Hope Star from Hope, Arkansas on October 17, 1938 · Page 1
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Hope Star from Hope, Arkansas · Page 1

Hope, Arkansas
Issue Date:
Monday, October 17, 1938
Page 1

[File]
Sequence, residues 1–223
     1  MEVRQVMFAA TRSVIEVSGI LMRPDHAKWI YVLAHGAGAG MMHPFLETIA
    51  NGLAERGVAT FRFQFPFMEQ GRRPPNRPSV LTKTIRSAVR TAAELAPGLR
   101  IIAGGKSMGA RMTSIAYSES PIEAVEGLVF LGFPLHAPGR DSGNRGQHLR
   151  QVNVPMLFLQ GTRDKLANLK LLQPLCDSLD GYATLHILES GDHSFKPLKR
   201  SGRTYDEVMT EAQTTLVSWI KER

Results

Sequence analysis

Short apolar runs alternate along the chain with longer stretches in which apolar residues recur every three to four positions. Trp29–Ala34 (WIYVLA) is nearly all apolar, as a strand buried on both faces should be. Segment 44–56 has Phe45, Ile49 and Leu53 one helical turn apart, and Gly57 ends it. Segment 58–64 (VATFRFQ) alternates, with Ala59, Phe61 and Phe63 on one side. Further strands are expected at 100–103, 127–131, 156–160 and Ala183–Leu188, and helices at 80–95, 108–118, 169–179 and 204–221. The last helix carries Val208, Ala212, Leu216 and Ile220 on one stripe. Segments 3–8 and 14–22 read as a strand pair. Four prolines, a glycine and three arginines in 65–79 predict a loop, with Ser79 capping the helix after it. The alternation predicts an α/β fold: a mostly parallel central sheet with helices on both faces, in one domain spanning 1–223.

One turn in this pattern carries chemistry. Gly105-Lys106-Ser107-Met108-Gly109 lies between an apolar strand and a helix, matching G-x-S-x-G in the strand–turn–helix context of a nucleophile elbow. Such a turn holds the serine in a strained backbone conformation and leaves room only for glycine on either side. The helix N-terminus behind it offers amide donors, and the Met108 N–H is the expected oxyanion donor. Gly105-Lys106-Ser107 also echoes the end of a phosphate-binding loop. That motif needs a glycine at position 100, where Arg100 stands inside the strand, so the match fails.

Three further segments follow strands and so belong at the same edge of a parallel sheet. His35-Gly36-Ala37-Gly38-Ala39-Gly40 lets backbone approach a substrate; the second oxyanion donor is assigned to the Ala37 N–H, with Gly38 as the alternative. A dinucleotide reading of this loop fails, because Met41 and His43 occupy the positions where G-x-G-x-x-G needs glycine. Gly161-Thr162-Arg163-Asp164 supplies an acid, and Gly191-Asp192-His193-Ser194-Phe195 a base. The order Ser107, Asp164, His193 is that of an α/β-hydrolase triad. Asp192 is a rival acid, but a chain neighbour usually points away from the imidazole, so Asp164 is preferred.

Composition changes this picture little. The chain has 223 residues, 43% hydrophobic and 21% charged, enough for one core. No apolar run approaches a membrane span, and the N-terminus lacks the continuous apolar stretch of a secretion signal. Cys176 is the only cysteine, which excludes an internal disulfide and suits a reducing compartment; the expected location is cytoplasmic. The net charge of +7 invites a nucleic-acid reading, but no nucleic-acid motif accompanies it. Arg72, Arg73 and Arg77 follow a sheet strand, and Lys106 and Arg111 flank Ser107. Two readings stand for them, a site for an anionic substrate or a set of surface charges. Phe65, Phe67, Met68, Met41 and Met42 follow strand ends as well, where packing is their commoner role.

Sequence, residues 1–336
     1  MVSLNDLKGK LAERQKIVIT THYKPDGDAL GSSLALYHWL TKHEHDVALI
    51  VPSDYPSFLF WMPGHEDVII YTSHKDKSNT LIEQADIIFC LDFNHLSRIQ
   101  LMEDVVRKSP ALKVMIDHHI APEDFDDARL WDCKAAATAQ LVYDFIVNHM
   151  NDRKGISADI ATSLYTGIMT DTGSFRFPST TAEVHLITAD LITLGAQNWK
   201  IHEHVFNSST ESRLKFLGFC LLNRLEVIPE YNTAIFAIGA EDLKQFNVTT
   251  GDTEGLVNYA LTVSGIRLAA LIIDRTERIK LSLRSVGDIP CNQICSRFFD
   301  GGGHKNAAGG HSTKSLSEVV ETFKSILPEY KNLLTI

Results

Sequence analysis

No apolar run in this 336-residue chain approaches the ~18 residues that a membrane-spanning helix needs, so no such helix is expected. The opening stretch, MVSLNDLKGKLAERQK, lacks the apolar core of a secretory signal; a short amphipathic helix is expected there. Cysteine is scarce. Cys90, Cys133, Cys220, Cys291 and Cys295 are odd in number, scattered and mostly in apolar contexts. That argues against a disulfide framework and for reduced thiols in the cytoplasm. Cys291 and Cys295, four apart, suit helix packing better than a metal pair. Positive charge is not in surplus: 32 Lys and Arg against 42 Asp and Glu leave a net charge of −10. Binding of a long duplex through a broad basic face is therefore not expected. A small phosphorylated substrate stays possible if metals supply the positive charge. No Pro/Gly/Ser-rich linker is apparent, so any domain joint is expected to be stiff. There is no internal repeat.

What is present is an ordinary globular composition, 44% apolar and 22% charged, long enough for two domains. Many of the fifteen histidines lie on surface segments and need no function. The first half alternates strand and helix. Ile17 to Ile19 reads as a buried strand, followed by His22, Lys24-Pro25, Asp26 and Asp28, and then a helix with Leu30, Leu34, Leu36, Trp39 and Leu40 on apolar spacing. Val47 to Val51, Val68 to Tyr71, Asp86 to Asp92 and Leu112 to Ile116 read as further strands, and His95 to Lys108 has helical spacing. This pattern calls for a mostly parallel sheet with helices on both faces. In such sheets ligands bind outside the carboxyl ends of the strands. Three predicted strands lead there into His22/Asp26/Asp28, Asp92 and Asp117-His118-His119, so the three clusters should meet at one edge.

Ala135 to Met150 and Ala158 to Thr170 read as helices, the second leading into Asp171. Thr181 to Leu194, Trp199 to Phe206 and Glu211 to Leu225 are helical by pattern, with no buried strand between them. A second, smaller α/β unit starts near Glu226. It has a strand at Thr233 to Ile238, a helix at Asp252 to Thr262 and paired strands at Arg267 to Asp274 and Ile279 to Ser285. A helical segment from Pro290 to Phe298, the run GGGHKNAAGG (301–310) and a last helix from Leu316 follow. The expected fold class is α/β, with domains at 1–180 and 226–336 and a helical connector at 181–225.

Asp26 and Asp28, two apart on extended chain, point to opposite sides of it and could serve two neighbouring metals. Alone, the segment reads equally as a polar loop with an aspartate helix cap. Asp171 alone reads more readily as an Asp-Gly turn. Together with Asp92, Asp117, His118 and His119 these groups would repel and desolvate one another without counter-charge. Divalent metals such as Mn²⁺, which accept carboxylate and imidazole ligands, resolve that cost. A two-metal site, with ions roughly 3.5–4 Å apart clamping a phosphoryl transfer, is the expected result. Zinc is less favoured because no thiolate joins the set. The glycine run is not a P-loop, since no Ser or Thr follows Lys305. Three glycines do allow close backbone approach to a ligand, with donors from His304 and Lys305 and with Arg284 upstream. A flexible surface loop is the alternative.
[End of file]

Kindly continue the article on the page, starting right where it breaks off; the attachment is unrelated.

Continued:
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No. ao'.jWould Take Education Board Out of Political Arena Removal of Commissionei' Phipps Leads to Sponsoring of Proposed Constitutional Amendment (Editor's Note: This Is another ot n 'scries of articles on Initiated alid referred measures to be voted upon at the November General Election.) . Amendment No. 30 LITTLE ROCK.— (/P)— When the 1937 legislature passed a law making the Slate Board o£ Education appointive instead or elective and giving control of thn tbody to the governor, it unwittingly started a movement resulting in proposed Amendment No, 30. . The reorganized board last spring re-® moved Eduction Commissioner W. E. Phillips from office, Phipps was outspokenly bitter about it. He first started to run for governor in the Democratic primary but later dropped that idea to sponsor proposed Amendment No. 30. •This amendment would make the Saenger Installs $10,000 New Sound Reproducing Unit "Magic Voice" Equipment Arrives—Theater to Close Two Days A GREATER RANGE Local Equipment Will Utilize Full Tones Put Intp New Films Installation of new "sound" equipment at the Saenger theater the lasl part of this week at a cost of approximately $10,000 was announced Monday by ML A. Ljghtman, Jr., manager ol Malco's Saenger and Rialto theaters. The Saenger will be closed Thursday and Friday for the installation work holding its formal reopening with the new sound system, Sunday, prcsentinj Deanna Ourbin in "That Certain Age.' The new "magic voice" sound equipment is the same installation used in the world's two finest theaters, the Center, and Radio City Music Hall New York City. ' The local theater management explained there has been n vast technical improvement in the quality o "sound" put into motion picture films in recent years which couldn't be used effectively on the Saenger's original reproduction unit, although that was the finest built when it was installed here in 1929. The range of volume and tone in the new reproduction at Hollywood, reproducing with equal fidelity the whisper of wind in a grove of trees or the great crescendo of a symphony orchestra. The audience will not only be able to hear the actors spenk, but will feel from the life-like lone of their voices that the play is actually being performed on the stage. WEATHER. Arkansas — Partly cloud y Monday night; Tuesday cloudy. VOLUME 40—NUMBER 3 ARKANSAS, MONDAY, OCTOBER 17, 1938 PRICE 6c COPY Stale Board of Education a constitutional branch of the government, " Its members would be elective, one from each congressional district. The board would have general control of the public schools of the state, inoludisg the election of the commissioner of education and the handling of free text books. . / The members of the board would ;rve six-year terms. They would serve without pay on an actual expense basis. No state official would be eligible to serve on the board. The board would elect a commissioner for a four-year term. He could bo removed only for cause and only by a majority vote of the board. His salary would be fixed the same as that of the attorney general. The stale board would selecl a course of study for the public schools, adopt texlbooks and supervise the handling of them. Phipps, now superintendent of the schools at RusscllviUc, declares the prime objective of his amendment is to remove the department of education from politics. DL Morris Begins Lectures Sunday Big Crowd Hears First of Six Talks at Presbyterian Church BAR ROTENBERRY Reddies Prepare for Football Tilt in Hope Thursday Six Former Bobcats on the Team—Meet Northeast Center HOPE TO NASHVILLE Admits He Murdered Sheriff in Oklahoma ' POPULAR BI5UF1!T M6:-^(/n—Can- tain A. D. Sheppard of the Slalc Highway Patrol said that Albie C. Wright, 24, confessed Monday to the slaying of Hugh Owen, 48, Nowata county (Oklahoma) sheriff. A large and enthusiastic crowd Sun- clay night heard Dr. John T. Morris, a nationally known speaker, give the first of a series of six lectures on the archaeology of Bible lands at First Presbyterian church. Under Ihe subject "The Jews Remaking Palestine" ho gave a thrilling account of how the tremendous number ot Jews who arc pouring into-Palestine are making changes in that country. . x Dr. Morris illustrated his lecture with ..a, scries . of; brilliant, colored stereopticon pictures of the cities now 3eing so rapidly built there by the Jews, and of the land, which was ut- lerly desolale now marvelously transformed into a veritable Garden of A popular film comedian of the silent days, whose outstanding physical characteristic Ls his strabismus, was born in the largest city in "The Pelican State" three years after the Chicago fire. His last name is the same as that of a notorious 18th century English highwayman. What is the comedian's name, what is his outstanding physical characteristic, where and when zwas he born, and what was the full name of the highwayman? Answer on Classified Page Eden, because that God in fulfillment ot prophecy has restored in that land the early and latloiv rains of Joshua's clay. These rains caused the overflowing in 1927 of the Pools of Solomon which had been practically dry since the days of the prophet Jeremiah who warned the Jews that God had taken these rains away and made their land desolate because they would not obey Him. Another feature of the marvelous work of the Jews in Palestine described by Morris is the discovery and development by them of the great potash beds in the Dear Sea which is said to be worth more than all the rest of the world put together. Dr. Morrie is a member of the American Schools of Oriental Research and his pictures are said to give a very Three Conference Teams Face Dangerous Foes Next Friday ' ARKADELPHIA, Ark—A large number of South Arkansas boys will be with the Henderson State football squad when they journey to Hope Thursday night to meet Louisiana itself. Northeast Center of Monroe at Ham- Editor The mons Stadium at 8 o'clock. Coach "Dob 1 Grow will take about 33 men on the trip, six of whom are former Hope players. Among the Hammons produces are: R. C. Kennedy, an end; Hugh Reese, an end; Percy Ramsey, a tackle; and Jack Turner, halfback. Two or three of these boys will probably be included in the starting line-up, and practically every one will see action sometime during the {Jamc. Stamps will contribute to the starting eleven with Earl Tatum, who is a guard. Tatum, who was an all-state man last fall, is a co-captain this year. He has started every game this season. Jim and Ruff Tollett of Nashville have played quite a bit this season, and undoubtedly will see action Thursday night. Tip King of Smackover, a former all-state high school back, is wearing the Red and Grey this year and has proven to be a valuable ground-gainer for the Reddies. Dierks produces a probable starter in Russell Peek, an end Peek is one 'of the 12 lettermen of last year. Lycester Varnardo of Norphlett is one of lasl year's veteran backs. He has been a Bible Takes Jaunt About Parked Corf at Football Game Somebody stole a Bible out o£ a parked car at the Hopc-Jonesboro game here last Friday night. And then, his superstitutlon getting the better of him when he found that what he had stolen was the Book, he hastily shoved it into another car and fled. As a result, The Star had 'two notices prepared for publication Monday afternoon—until the editorial'and classified departments got together and found both referred to the same Book. One was a letter fro mthe Texarkana man who lost the Bible; the other was a "Found" ad from the woman in whose car .the Bible was finally left. The classified ad was "killed," leaving the following letter to speak for Star: We hurried to your city after prayer meeting to see the Bobcat-Jonesboro game; and in our haste we forgot to take our Bible from the car. I have never heard of anyone stealing a Bible, and I am sure the theH did not know what he was taking, anc if he will return same to your office I will gladly pay for publication ol this notice. L. S. DOZIER Oct. 15, 1938. 14 .'West Ninth St. 'exarkana, Ark. There was no charge, of course, and /TivDozier's Bible was returned to him >y mail Monday afternoon. starter in all games this season. Coaclr-Grow came to Henderson from the University of Wyoming, has produced one of the strongest defensive teams in the state. He couldn't get the offense to "click" in the opening games but as the season progresses, he is pulling them out of the slump. Grow filled the place vacated by S. B. Sud duth, who was promoted to the posi tion of director of athletics. The group of 75 men who reported for practice a the first of the season has been culled down about 50 per cent. The majori ty are freshmen, and the only disad vantage is lack of experience in play ing together, he said. High School Games LITTLE ROCK, Ark.-(/P)-Thrce o the four undefeated-untied teams i (Continued on Page Four) (Continued on Page Three) Canton Railroad Cut by the Japs; Czechs Improving Chinese Resistance to Canton Threat Stiffens in Interior RUMANIA TO HELP Her Aid Guarantees Peaceful Czech Settlement With Hungary HONG- KONG, British Crown Colony—(#>)—The Japanese army announced Mondayit had straddled the Canton-Knowloon railway at "several points" but reports from areas farther north indicated that the rapid Japanese drive toward Canton was meeting its first serious Chinese resistance. Czechs Optimistic PRAGUE, Czechoslovakis.— (/P)— Highly-placed Czechoslovaks Monday based new optimism for the republic's future on the growing prospects of a peaceful settlement of the territoria issue with Hungary with assurance of Rumania's support. 1938 Wage-Hour Law Reverses Pilgrim Fathers' Act of l63O Vew Pledges for Hope's Chamber; Additional : P-1 edges Art 1 * nouncecl in Annual Membership Drive The following additional pledges have been received by the Chamber of Commerce: Schneiker Hotel '. 512.00 P. J. Drake : 12.00 Singleton's Grocery , 12.00 Kraft-Phenix Cheese Corp 25.00 Hall Bros 12.00 Missouri Pacific Railroad 24.00 Arkansas Natural Gas Co'. 60.00 County Judge H. F. Rider 12,00 Two Are Made Officers in Air Reserve Corps WASHINGTON—(/P)—The Depart ment of War announced Monday tha John Alva Roberts, Jr., of Bcebe, Ark and Horace Milton Wade, of Magnolia Ark., had accepted appointments a second lieutenants in the Air Rescrv Corps. fUyPayne ? Former Athlete, Dies Here 'uneral Services Held Monday for Former Bobcat Star jabor Shortage Centuries Ago Provoked Law, Against Profiteering By RODNEY DUTCHER NBA Washington Correspondent WASHINGTON.—In 1930 the Pilgrim Fatherse of the Massachusetts colony, faced with a labor shortage, passed a law providing .that "carpenters, joiners, bricklayers, sawyers and thatchers shall not take above two shillings a day." In 1938, on October 24, in a period of great unemployment, a federal law will go into effect which sets a minimum hourly wage rate of 25 cents and a maximum work week of 44 hours, with time and one-half for overtime. The law is the Fair Labor. Standards Act. Its administrator is Elmer F Andrews, head of the Wage and Hour Division of the Department of Labor The act also bars from intersetate commerce goods produced by "oppressive child labor." That part of it is under Chief Katharine F. Lenroot of the Children's Bureau. Plenty p£ Questions Employers and employes still an sking which workers are covered''anc •hich are not. Aside from certain ex- mptions made in the law—chiefly o gricultural workers, seamen, stree ar employes, executives, retail work rs and most employes in the fishing arming and dairy industries, the Wag nd Hour Division in general classif ie those covered as: '1 Employes engaged in producing, manufacturing, mining, handling, transporting'of in any manner work- ng on goods moving in interstate com,Guy Hope iigh School football star and son ol . and Mrs. Tom Payne of Hope, diec n Julia Chester hospital at 1 a. m Sunday of peretonitis appendicitis. He tad been ill only five days. Born at Center Point Howard county, he attended high school at Nashville, Ark., where he was an outsland' .ng football and track star. He play ed quarterback on the Nashville team three years and was captain of thi squad in his junior year. His parents moved to Hope from Nashville where Payne played on year with the Bobcats before gradual ing in 1935. Coach Foy Hammons o Hope once rated Payne with the great est high-school backs he ever coachec After receiving lus diploma her Payne entered Louisiana State Univer sty, but returned to Hope a short tim afterwards and then entered Magnoli A. and M. college at Magnolia wher he was a student one year, Recently he had been employed a bus driver by the Arkansas Moto (Continued on Page Three) "2." Employes engaged'in "any process or occupation necessary to the production of such foods. "3. Employes engaged in interstate transportation, transmission or communication." Further interpretation by the division's general counsel says that except for the stated exemptions, "all the em- ployes, in a place of employment where goods shipped or sold in interstate commerce were produced, are included in the coverage . . ." This goes for watchmen, clerks, stenographers, maintenance workers and messengers, among others. . Employes in manufacturing, process- whose goods moves in commerce out of the state in which the plant is located," are covered. But a plant none of whose products leave the state is not covered, even though its employes work on raw materials from outside the state. Employes working at home, Old-Age Pension Act Ousted From Ballot for Fraud Supreme Court Finds Hun-'v| dreds of Cases of Fraud- /" ulent Signatures ' ( I ' CIRCULATORS SIGN None Has Authority,to Sign Anotihier's Name ,*,'. to Ballot Petition , ./,« LITTLE ROCK.-(/P)-The Arkansas J Supreme Court Monday barred Law-* yer A. L. Rotenberry's old age and^ blind pension initiated act from' 1 November general electon ballot. , , The court granted H. P. Hargis,'tax-*| payer, an injunction restraining the3* secretary of state from certifying 'the^ proposed act to the various election 5 '] commissioners. ' Hargis attacked the measure on the^ ground that an insufficient'number.of.&l qualified electors had 'signed the peti-,'Jj tions seeking to initiate the measure^ >|1 He charged that a large number <of ~ names on the ptitions were fraudulent Bond Decision Wednesday ~\ The high tribunal postponed until J." 9'a. m. Wednesday a ruling on a suit_"»}, seeking to bar from the November^iS ballot proposed constitutional amend- ^w ment' No. 28, known as the "highway vS bond refunding, amendment" " '•fif The suit, brought by former Cor-,*| poration Commissioner C. P. Newton, v jjf seeks to bar the proposed amendment J f f on the ground that its ballot title is insufficient to give the voters a'c plete picture of the proposal's'.] poses. The amendment would ***.- ii*<fc?4.«V»J*y,!-* ^^<-*~£r£ _J- lrt *. Ware-Hour Administrator Elmer F. Andrews ... runs a question and answer department One Chinese newspaper, at Peiping, has been published continuously for 1400 years. . . Cotton NEW ORLEANS - (#) - December _____ _ _ = cotton opened Monday at 8.38 anc as well as those in factories, are cov- closed at 8.34. I Spot cotton closed steady two points (Continued on Page Four) ! lower, middling 8.44. lion-dollar debt./ „. ,-, 4,, Chancellor' W.alker Smith of Unipn| Chancery Court was prohibited bjn 1 the supreme court from restrainmg^| enforcement of the auto-testing pro-£j visions of Arkansas' model traffic 1 ! code. The tribune granted its writ of prohibition: on the petition of the police "| chiefs of Jonesboro, Little Rock, North l ji Little Rock and Fort Smith. Union •- chancery over two months"! ago stopped enforcement of the auto-^J testing law with a temporary injuncV 'V tion against Superintendent Albright, of the state police, and all other lawj(; enforcement officers in the state. , < The injunction was obtained by Rep- ,3 resentative, F, C. Purviance and ap- -i proximately 200 other Union county.,* citizens. : The supreme court, in putting the;; auto-testing law back in force, held ', Union chancery was without jurisdiction in the case, and that the purpose (Continued on Page Four); Bruner-Ivory Team, City Softball Champion, Gets Gold Trophy on Saenger Stage Left to Right: Percy Ramsey, (Frances Bruner and Jack Bruner, mascots), Clifford Messer, Captain Henry Fenwick at microphone, holding trophy; A. D. Russell at rear of Fenwick, WalterChance, Ed (King Kong) Kelly; George Womack, behind Kelly; Guy Downing, Commissioner Earl W. Erion, in black suit; Orville Steadman, behind Erion; Frank Donn, Chester Ramsey, Carroll Schooley, Clifford Russell, Leon- — -- — .,_._.._. —Photo by the Star ard Ellis, Frank Ramsey, Roy Taylor, Wilburn (Tode) Coleman, Charles Prince.